In the last few decades, many Lankan mothers have become heads of their households, having lost their husbands, been left by them or left single, pregnant and alone. Our last census (which didn’t the North into account) indicated that nearly a quarter of the households in Sri Lanka were headed by single mothers. I suspect the next census will increase that number prolifically.
I spent many weeks with single mothers, inside their homes across Mannar, Mullaitivu, Jaffna, Kilinochchi and Vavuniya. To help them share their stories with me, I had to share my own. Mother to mother, we talked of tragedy, death, poverty and social stigma. We found many common problems as women raising children alone with no community or state support and we connected as mothers with mouths to feed and bills to pay.
Eventually however, the similarities ended as the stories took unexpected turns, becoming darker and reminding me that there is much more to the aftermath of Sri Lanka’s war than we would like to admit or address as a nation.
In Kilinochchi, one woman tells me of the last days of the war. Trapped on a narrow strip of land in Puthumaththalan, she watched as her family died around her in the cross-fire that happened inside what was supposed to be a no-fire zone. She picked up the pieces and moved on without her husband, brothers and other relatives who died to shield her and her daughters.
In Keerimalai, I met a woman living with clinical depression. Her mute, 6-year old daughter was raped by her husband 10 years ago. With no proper justice system in operation within a war zone, the crime went unpunished. With no evidence a decade later, he remains a free man. For the mother and daughter however, the trauma continues as they continue to move forward, reminding me of the peripheral issues of war that might never be resolved.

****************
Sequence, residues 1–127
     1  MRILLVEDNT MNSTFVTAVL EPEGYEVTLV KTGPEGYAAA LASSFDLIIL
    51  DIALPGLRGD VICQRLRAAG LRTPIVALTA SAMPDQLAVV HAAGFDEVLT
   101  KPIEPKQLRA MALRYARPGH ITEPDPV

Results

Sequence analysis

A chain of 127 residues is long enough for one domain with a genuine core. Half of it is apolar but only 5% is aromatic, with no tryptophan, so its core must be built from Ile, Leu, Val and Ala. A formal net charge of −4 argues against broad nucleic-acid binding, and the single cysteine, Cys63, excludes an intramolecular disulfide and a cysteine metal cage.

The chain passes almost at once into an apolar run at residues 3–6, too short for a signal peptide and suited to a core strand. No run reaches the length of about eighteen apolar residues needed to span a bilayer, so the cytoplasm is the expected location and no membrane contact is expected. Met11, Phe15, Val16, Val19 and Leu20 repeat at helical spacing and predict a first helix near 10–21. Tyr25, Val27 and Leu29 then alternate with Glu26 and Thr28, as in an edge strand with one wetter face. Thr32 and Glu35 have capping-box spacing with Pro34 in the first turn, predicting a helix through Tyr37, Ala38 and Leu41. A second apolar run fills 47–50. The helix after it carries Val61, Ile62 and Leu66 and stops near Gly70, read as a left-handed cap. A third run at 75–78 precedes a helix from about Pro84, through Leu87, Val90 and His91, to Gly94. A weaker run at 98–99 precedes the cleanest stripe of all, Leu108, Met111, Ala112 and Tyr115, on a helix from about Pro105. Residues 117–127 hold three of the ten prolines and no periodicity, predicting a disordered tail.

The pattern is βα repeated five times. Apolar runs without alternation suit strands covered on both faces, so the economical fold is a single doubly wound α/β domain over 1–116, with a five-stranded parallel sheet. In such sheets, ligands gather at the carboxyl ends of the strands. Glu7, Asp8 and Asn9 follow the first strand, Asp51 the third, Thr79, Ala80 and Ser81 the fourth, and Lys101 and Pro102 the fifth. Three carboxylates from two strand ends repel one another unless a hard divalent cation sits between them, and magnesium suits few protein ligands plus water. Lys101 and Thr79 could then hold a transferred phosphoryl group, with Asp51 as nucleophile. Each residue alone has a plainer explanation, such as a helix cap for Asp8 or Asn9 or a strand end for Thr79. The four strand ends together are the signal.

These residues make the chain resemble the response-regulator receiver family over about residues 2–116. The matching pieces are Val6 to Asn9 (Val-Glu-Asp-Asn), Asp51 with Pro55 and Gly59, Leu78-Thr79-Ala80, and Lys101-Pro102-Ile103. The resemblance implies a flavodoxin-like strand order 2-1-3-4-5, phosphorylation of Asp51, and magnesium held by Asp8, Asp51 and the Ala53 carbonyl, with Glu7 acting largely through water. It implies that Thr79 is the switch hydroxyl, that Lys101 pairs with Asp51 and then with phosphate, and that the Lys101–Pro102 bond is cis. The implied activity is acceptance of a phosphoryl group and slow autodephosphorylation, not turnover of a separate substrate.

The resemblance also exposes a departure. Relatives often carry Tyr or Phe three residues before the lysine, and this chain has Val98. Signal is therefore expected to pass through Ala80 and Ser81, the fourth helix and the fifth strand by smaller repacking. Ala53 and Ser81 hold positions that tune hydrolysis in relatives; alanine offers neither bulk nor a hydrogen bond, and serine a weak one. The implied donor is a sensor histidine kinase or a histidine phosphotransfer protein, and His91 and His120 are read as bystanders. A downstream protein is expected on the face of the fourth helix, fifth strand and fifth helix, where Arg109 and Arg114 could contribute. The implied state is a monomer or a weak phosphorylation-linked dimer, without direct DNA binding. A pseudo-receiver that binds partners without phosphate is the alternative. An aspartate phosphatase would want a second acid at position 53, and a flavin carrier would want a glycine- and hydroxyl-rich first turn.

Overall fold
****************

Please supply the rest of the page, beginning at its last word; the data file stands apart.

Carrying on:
Another woman shows me her x-rays as she tells me about the shell attack she fell victim to as a teenager. Today, shell fragments remain inside her body, lodged inoperably, killing her dreams of becoming a seamstress one day. With two young children to care for, she tries hard to wipe away the tears as she keeps going on.
The stories are dark, but there is light to be find in the cracks. In each home and in each story, I found common threads binding all the women; resilience.
And while they are few and far between, I did find happy endings. In Puthukudiyiruppu (PTK), I met a successful, ethical and award-winning businesswoman. She told me how she ran for cover with her family during a shell attack, only to turn around see her husband shot dead. A widow with a young child, she lived in an IDP camp for many years, where she began to barter rations and discover a knack for running a food business. Today, she employs several war widows like herself, making novel, patented products that can’t be found anywhere else on the island. She tells me pain is good – it forces you become stronger.
No matter the hand they had been dealt, no matter the tragedies life continues to throw in their direction, these women will rise. While there is plenty of opportunity for the state, non-governmental and private sectors to contribute, I doubt the problems will cease anytime soon.
What I don’t doubt is that the sun will rise again tomorrow. And like the sun, the mothers of Northern Sri Lanka will rise and keep moving on.